As you can imagine, the Walla Walla University Church is very active in young adult ministry with Pastor Troy Fitzgerald leading the charge. Below are two stories of what is happening in the lives of two students.
Megan is in the middle of a year of teaching service at the Delap Seventh-day Adventist School in Majuro next year. She first sensed a desire to make the choice to become a follower of Christ while in school at Rogers Elementary. Over the years the seeds of calling stirred in her throughout high school. After her first year at Walla Walla University, Megan made the decision to become a student missionary and chose to fully dedicate her life to God in baptism. Megan is a bright compassionate person who truly loves God with her heart and her life. There is no doubt she will shine bright in her service for Christ in the coming year.
Josiah is a young man who thrives on discovery and loves to master whatever he sets his hands to. He loves to play soccer, so he does not get to use his hands as much but he is a passionate believer in Christ He made the decision to follow Jesus in baptism and began the process of learning what it means to be a disciple. As an ardent student of God’s word he has demonstrated the gift of teaching and the boldness of the prophets of old. I fully expect to see Josiah preaching the gospel to thousands of people around the world in the very near future.
Praise God for His good and enduring work!
Source: NAD Ministerial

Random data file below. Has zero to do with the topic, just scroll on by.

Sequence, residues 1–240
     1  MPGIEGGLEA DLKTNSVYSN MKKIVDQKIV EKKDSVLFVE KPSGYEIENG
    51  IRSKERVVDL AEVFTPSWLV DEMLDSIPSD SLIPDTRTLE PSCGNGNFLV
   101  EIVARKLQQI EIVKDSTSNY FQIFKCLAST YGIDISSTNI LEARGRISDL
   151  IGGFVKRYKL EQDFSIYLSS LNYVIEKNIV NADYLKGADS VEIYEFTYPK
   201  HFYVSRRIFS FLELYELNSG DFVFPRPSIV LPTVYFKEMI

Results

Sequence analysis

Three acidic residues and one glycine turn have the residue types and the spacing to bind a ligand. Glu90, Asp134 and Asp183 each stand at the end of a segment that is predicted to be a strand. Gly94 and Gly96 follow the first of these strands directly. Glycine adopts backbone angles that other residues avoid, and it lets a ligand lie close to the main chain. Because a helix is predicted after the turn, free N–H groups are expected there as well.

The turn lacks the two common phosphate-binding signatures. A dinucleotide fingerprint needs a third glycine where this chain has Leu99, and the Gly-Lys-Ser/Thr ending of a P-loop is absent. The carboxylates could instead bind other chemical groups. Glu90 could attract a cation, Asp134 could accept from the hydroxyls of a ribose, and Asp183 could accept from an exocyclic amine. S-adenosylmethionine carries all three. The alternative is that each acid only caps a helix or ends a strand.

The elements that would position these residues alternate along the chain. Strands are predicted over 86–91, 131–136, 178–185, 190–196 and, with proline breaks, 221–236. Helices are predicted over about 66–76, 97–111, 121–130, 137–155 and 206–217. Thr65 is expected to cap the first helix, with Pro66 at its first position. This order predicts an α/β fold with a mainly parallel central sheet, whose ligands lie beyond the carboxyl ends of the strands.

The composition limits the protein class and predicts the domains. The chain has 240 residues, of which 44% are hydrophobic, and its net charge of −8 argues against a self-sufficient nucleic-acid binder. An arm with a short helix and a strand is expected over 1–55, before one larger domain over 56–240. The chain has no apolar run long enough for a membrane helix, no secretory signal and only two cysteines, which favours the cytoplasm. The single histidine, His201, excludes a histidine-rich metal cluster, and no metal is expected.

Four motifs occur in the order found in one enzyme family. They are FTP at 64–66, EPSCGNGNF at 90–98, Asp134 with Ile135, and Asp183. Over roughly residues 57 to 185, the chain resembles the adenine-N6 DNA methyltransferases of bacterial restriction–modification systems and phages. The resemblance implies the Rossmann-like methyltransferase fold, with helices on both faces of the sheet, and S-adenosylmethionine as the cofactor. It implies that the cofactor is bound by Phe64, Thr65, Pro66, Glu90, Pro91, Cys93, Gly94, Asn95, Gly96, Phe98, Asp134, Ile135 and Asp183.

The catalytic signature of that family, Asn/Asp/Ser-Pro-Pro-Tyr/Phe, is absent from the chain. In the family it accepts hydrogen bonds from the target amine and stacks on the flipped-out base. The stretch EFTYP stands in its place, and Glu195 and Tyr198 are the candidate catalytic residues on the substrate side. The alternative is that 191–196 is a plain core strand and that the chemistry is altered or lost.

Dear Ask a Seasoned Pastor: Some of my members have discovered the fact that most of the time I re-preach the sermons of other great preachers. I find that most of the congregation is being fed by these outstanding sermons. However they think that the sermons I preach should be my own creation. What do you think?
Borrow, Don’t Steal
Preparing sermons for years on end can sometimes be challenging and we all can use a little “help” every now and then. Sometimes the revelations shared in a sermon from another pastor can be an exciting diving board for me to plunge in and research for deeper content. In that regard, pastors can share and help each other. However, I would be concerned about simply repeating someone else’s content – word by word, line by line. Why? That could be an indication of laziness – taking the easy route rather than taking the time to seek “fresh manna” for myself. Sermonic regurgitation also blocks the Holy Spirit’s intentional message directed towards the specific needs of the congregation. The doctrine, reproof, correction and instruction that is needed in one congregation may not be what’s needed by another. One size sermons don’t necessarily fit all! Let’s embrace the creativity of the Spirit and take the time to listen to His unique messages for His unique churches.
Brenda Billingy is senior pastor of the Metropolitan Church in Hyattsville, Maryland and an associate director of NAD Ministerial
A Matter of Integrity
I see three problems with preaching the sermons of other preachers, even if they are outstanding. First is a problem of integrity. It is wrong to pass off the work of someone else as my own. Even though most sermons are not copyrighted, the same principle applies. It is a kind of theft to take someone’s work and present it as if it were mine. Of course, this problem is solved if Continue Reading…